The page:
Keith Law says that it takes 12-18 months for players to recover their power hitting after suffering a hamate injury. I’d prefer to see Brown get some regular at-bats with Triple-A Lehigh Valley instead of being rushed back to the Majors, just to split time with Francisco.
7. Do you expect Raul Ibanez to hit for more power in 2011? Do the Phillies need him to?
I think the perception that the Phillies aren’t as “powerful” anymore is wrong. They only hit 166 home runs last year compared to 224 the year before, but there are two reasons for that: 1) power hitting went down across baseball, and 2) the Phillies suffered a lot of injuries, forcing players like Utley, Rollins, Howard, etc. to miss time, and their spot in the lineup was given to players like Juan Castro and Wilson Valdez.
Obviously, 2011 isn’t off to a great start with injuries to Utley, Brown, Shane Victorino, etc. and losing Jayson Werth doesn’t help either, but the Phillies should still be among the top-third in NL offense.
I do expect Ibanez to have a bounce-back year. He did not have the opportunity to use spring training for its intended purpose last year; instead, he was recovering from off-season surgery. His first half of 2010 was very lackluster (.724 OPS, .154 ISO), but recovered in the second half (.869 OPS, .185 ISO).
I was impressed with Ibanez’s success at the plate on Saturday against Astros lefty Wandy Rodriguez. He hit the ball hard and worked counts well, two things that are going to be important since he is going to be hitting behind Howard and facing a lot of the LOOGY’s opposing managers bring in late in games.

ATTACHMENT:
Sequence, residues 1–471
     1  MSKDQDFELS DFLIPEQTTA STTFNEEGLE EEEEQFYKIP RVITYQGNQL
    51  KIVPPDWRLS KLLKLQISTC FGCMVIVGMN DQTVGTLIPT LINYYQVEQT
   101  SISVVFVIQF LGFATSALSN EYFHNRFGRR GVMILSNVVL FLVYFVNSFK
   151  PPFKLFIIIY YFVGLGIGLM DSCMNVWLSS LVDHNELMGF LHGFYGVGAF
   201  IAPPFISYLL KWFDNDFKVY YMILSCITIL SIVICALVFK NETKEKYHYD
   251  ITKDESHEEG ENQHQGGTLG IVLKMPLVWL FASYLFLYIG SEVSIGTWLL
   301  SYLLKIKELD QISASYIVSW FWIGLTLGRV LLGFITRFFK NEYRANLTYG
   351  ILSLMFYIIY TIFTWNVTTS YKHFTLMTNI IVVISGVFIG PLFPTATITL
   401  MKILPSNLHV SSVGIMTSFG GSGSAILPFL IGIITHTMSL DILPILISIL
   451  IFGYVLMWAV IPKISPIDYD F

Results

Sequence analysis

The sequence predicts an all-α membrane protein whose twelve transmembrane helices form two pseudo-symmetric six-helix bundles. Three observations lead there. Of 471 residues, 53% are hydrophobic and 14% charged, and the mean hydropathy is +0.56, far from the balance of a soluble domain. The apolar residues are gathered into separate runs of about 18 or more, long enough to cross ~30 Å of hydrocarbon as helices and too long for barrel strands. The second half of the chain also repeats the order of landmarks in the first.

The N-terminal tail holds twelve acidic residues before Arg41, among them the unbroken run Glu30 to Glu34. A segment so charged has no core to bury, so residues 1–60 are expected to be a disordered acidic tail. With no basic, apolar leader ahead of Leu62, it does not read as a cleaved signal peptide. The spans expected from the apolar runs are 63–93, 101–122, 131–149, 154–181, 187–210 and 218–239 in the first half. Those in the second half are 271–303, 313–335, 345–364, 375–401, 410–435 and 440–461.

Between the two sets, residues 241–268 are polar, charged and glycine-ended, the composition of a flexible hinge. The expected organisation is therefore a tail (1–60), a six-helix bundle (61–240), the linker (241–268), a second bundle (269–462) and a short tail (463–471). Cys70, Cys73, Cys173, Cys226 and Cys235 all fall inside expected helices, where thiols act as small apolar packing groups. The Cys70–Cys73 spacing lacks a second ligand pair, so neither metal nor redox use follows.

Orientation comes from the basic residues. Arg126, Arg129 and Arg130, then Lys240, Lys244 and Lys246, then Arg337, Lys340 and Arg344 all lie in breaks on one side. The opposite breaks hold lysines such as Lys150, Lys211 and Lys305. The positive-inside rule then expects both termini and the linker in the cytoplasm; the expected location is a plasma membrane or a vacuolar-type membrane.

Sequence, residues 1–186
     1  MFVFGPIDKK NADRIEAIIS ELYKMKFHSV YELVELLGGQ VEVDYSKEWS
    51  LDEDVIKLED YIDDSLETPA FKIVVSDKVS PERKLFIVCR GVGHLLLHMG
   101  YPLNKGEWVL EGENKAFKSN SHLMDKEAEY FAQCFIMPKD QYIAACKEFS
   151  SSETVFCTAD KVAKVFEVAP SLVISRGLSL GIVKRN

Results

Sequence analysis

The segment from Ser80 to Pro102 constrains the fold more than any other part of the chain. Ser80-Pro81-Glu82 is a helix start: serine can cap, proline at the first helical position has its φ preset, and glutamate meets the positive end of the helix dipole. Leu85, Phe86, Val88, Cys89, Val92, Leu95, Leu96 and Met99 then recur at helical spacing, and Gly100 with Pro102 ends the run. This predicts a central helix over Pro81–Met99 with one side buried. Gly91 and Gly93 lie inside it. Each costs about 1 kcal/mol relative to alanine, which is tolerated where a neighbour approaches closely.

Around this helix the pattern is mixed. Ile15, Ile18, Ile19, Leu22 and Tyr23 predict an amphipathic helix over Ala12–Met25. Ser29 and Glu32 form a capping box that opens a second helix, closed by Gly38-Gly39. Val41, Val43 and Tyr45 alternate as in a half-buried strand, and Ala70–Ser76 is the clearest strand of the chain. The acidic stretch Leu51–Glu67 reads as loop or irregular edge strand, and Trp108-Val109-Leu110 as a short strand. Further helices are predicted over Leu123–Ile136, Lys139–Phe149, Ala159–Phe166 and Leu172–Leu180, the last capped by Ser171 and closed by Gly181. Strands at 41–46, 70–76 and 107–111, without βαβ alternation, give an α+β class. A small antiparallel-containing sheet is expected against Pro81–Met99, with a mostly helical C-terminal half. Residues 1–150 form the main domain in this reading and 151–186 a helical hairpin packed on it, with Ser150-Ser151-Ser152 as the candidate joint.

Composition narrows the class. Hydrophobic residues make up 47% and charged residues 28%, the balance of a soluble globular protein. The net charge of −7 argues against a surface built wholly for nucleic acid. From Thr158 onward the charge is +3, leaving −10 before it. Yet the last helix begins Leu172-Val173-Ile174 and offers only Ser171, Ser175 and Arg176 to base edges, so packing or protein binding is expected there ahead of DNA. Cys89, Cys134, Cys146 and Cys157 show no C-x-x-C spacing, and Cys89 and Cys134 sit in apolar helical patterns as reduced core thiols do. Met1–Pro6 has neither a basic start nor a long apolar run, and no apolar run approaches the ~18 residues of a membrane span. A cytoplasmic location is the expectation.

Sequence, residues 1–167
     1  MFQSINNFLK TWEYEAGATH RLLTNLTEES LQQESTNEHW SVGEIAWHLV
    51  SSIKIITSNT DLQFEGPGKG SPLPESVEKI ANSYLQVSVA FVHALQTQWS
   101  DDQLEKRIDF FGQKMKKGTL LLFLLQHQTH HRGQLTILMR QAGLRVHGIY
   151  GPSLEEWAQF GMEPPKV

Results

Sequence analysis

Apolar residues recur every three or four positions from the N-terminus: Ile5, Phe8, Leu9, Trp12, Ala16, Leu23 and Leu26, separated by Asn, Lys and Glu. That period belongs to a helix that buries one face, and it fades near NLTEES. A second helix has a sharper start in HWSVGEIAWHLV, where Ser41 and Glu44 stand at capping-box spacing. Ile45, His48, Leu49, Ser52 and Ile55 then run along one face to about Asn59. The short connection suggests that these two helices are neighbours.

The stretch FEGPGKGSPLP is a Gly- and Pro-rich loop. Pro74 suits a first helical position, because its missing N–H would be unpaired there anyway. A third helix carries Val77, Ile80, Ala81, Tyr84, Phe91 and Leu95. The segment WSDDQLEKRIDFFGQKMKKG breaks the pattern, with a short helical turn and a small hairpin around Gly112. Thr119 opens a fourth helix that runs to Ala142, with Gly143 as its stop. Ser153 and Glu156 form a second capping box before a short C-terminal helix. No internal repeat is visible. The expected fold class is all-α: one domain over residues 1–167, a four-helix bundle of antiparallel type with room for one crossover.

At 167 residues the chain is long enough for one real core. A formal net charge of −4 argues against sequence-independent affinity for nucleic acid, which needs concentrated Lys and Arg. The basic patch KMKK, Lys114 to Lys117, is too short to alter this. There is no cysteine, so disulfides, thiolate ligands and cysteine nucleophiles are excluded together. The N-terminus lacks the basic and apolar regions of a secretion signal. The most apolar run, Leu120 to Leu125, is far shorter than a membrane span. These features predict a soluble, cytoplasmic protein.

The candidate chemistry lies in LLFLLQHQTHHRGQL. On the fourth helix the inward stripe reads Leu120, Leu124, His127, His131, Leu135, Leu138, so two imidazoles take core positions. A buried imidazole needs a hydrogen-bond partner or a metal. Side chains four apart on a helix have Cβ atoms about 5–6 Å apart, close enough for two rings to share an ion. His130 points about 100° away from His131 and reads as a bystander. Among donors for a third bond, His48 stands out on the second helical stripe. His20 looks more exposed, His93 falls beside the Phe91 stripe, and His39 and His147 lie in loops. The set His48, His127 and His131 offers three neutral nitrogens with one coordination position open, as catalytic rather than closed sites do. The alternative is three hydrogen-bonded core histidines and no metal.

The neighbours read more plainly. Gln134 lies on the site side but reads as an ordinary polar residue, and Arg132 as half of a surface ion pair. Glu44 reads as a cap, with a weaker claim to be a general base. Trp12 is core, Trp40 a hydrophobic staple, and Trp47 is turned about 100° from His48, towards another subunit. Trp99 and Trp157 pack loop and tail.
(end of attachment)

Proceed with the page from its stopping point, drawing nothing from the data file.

8. Is there anyone new or surprising on the Phillies who Mets fans might not know about?
Not really, it’s mostly the same crew from last year that helped the team win the most games in baseball and advance to the NLCS. Mets fans probably have an idea who Contreras is, but they probably don’t realize how well he pitched for the Phillies out of the bullpen last year. The eighth-ninth inning combo of Madson and Contreras might be the most underrated — and one of the best — in baseball.
There you have it — the inside scoop on the Phillies. Many thanks to Bill Baer, whose blog Crashburn Alley should be followed if you’re interested in what’s happening with the Phils. In case you missed it, here is the Inside Look we did with Bill last April.
What are your thoughts on what Bill had to say? Agree? Disagree? Surprised or confused about anything? Post your notes in the comments.